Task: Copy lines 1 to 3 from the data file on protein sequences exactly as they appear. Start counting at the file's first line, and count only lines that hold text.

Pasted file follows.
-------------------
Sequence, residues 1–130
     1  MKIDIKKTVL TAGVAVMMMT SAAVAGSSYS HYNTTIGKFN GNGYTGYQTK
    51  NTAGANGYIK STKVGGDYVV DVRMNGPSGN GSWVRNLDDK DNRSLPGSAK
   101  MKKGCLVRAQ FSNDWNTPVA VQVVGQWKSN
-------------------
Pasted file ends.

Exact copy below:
Sequence, residues 1–130
     1  MKIDIKKTVL TAGVAVMMMT SAAVAGSSYS HYNTTIGKFN GNGYTGYQTK
    51  NTAGANGYIK STKVGGDYVV DVRMNGPSGN GSWVRNLDDK DNRSLPGSAK